WordPress: Add Scripts to the Pages You Want

WordPress makes it very easy to load Scripts into your blog. The beauty of the method that WordPress provides is that it allows plugins and themes to use the same script at the same time by ensuring the script is loaded only once.  

The problem we often run into is that not everyone plays by the rules, and so you get plugin conflicts and fatal errors!

In this tip, I’ll show you how easy it is load scripts the right way with wp_enqueue_script and also, how to load them on only the pages you want.

Load Scripts the Right Way with wp_enqueue_script()

I have a couple of plugins out there that use jQuery and Thickbox, and probably 30% of my support questions are related to themes and/or plugins that load jQuery by hardcoding the link into the header!  This is a major sin by developers, because it assumes that your theme or your plugin is the only one in the whole wide world that your users will be using that rely on jQuery.  

When the jQuery (or really any other script) is hardcoded by a theme or plugin and it is loaded by another plugin (right way or wrong way), jQuery stops working!

WordPress, thankfully makes it amazingly simple to load jQuery and a ton of other scripts.  Here’s how:

//To load a script that isn't already registered with WordPress (it has a ton of pre-registered scripts like jQuery, Thickbox, etc)
wp_enqueue_script( $handle, $source, $deps, $ver, $in_footer );

//Here's one loading a script that's in my template folder
wp_enqueue_script('stlouie',get_bloginfo('template_url') . '/js/stl.js');

//Here's one loading a pre-registered script

Check out the WP Codex page for a full description of how to use wp_enqueue_script and a list of the pre-registered javascripts that you can easily use.

Note: I was trying to use wp_enqueue_script with TinyMCE outside of the Admin, and it didn’t work.  So, some scripts might be Admin Only…not sure 😉

Where to Use wp_enqueue_script()

If you want to use wp_enqueue_script() in your posts and pages, and you want to limit it to certain pages or posts, you can put the following in your theme’s functions.php file:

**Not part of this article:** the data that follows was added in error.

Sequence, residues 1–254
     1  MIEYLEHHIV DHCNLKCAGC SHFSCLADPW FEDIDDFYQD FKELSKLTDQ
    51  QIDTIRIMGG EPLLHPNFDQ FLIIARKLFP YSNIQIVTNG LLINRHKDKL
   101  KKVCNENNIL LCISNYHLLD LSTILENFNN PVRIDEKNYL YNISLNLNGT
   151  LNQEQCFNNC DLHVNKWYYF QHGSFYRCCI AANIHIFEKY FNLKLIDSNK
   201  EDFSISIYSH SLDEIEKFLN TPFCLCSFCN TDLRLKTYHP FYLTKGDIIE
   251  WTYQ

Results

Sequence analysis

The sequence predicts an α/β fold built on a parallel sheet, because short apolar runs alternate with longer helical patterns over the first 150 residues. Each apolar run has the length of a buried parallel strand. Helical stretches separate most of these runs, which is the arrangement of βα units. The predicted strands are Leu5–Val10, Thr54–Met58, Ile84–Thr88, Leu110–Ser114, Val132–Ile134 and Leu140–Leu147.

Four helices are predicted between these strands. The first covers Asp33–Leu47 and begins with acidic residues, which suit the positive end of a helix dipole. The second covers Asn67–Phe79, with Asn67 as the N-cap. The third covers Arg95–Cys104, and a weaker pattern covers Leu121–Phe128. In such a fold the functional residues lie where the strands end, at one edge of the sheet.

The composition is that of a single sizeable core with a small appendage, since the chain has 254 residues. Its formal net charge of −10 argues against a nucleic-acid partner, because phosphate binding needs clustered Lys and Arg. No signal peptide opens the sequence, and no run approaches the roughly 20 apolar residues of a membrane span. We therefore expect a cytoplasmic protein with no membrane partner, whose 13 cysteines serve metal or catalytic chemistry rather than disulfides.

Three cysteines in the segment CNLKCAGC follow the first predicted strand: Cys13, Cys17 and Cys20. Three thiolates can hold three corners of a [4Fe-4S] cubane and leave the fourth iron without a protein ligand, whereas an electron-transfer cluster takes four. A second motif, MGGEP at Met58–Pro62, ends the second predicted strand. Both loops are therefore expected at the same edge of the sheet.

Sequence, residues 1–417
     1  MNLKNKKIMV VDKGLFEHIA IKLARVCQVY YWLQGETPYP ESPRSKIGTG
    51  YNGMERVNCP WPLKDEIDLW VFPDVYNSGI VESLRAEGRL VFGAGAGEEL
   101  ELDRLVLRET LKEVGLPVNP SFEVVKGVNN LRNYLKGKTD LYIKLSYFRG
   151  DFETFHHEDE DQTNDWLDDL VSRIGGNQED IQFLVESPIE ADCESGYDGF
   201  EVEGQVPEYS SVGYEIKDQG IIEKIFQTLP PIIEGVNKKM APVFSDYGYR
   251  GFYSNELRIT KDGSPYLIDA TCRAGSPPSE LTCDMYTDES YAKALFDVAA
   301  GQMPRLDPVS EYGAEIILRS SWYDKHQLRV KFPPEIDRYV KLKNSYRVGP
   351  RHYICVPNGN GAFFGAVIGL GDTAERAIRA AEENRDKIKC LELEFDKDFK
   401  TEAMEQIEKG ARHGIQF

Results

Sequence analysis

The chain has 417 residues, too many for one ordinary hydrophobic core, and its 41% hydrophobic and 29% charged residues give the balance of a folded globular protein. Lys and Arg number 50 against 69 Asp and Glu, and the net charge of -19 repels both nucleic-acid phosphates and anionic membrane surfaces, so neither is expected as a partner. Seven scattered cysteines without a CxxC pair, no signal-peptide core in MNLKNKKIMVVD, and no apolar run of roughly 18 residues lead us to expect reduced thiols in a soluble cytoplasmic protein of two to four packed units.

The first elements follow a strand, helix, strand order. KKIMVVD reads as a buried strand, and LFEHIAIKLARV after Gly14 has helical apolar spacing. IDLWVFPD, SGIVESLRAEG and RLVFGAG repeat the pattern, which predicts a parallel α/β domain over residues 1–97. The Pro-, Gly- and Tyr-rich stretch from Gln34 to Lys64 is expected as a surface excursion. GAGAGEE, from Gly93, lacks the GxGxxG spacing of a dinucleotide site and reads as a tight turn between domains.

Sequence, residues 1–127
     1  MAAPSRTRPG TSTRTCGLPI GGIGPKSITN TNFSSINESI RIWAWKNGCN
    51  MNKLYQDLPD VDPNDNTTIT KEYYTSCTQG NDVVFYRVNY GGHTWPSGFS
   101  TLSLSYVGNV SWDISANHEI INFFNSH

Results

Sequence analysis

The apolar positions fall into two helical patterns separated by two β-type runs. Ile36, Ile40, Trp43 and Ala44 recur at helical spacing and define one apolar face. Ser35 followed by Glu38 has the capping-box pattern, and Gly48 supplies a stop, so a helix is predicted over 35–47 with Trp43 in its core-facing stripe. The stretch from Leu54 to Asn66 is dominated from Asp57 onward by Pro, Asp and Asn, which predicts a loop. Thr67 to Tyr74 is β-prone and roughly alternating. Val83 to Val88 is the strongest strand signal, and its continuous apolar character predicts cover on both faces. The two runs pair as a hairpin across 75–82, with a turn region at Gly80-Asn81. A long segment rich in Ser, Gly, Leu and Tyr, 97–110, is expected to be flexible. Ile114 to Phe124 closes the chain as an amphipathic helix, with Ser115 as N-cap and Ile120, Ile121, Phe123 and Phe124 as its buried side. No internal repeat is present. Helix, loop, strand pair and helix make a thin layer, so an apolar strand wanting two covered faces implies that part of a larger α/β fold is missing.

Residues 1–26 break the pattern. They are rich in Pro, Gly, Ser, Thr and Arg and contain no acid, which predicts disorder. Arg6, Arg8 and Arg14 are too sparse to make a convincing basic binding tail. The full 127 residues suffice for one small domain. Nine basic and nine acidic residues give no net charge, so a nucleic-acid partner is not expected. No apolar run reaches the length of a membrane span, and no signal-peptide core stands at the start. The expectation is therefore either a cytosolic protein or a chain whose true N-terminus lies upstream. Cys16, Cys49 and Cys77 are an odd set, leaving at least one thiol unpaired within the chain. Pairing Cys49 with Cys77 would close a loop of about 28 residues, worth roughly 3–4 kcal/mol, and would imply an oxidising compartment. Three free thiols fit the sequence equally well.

add_action('wp_print_scripts', 'enqueueMyScripts');

function enqueueMyScripts(){
  // To load a script only on a Page with ID = 23, follow this format:
    if( is_page('23') ) {
         wp_enqueue_script( 'myscript', get_bloginfo('template_url') . '/js/myscript.js');

  //To load for any page/post that's not Admin
   if( !is_admin() ){
        wp_enqueue_script( 'myscript', get_bloginfo('template_url') . '/js/myscript.js');

  //You can use pretty much any of the WP conditional tags to determine whether to enqueue or not

Here’s the link to the WP Conditional Tags.

Notice that you need to tap into the wp_print_scripts action instead of the ‘init’ action since is_page() is not available yet in the init action.

I’ve recorded this because it took me a good bit of time to figure out to use wp_print_scripts instead of init…Placing the add_action() inside header.php didn’t work either. Vladimir Prelovac’s helpful post put me on the right track…He also has a great book,WordPress Plugin Development (Beginner’s Guide)*! This book was very helpful to me with several techniques, particularly around adding images to the WordPress media library.


* Note: the link to Vladimir’s book is my affiliate link, and I’ll receive a small commission should you click and buy.

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3 Responses to WordPress: Add Scripts to the Pages You Want

  1. Ed March 26, 2010 at 3:03 pm #

    This was very helpful. I struggled with a conditional is_page block to enqueue scripts and had to resort to loading them for all pages or use an ugly hack. The wp_print _scripts is a great tip and will hopefully make my efforts much less frustrating.

  2. Jason Coffee June 8, 2010 at 12:12 pm #

    I am pretty new to all this. How does this apply to what I need to do on my end in fixing the #1 problem in your forum? Thanks for you help.


  1. Giving credit where credit is due | 812studio - May 6, 2010

    […] WordPress: Add Scripts to the Pages You Want – Byron Bennett, thanks for this tip. […]

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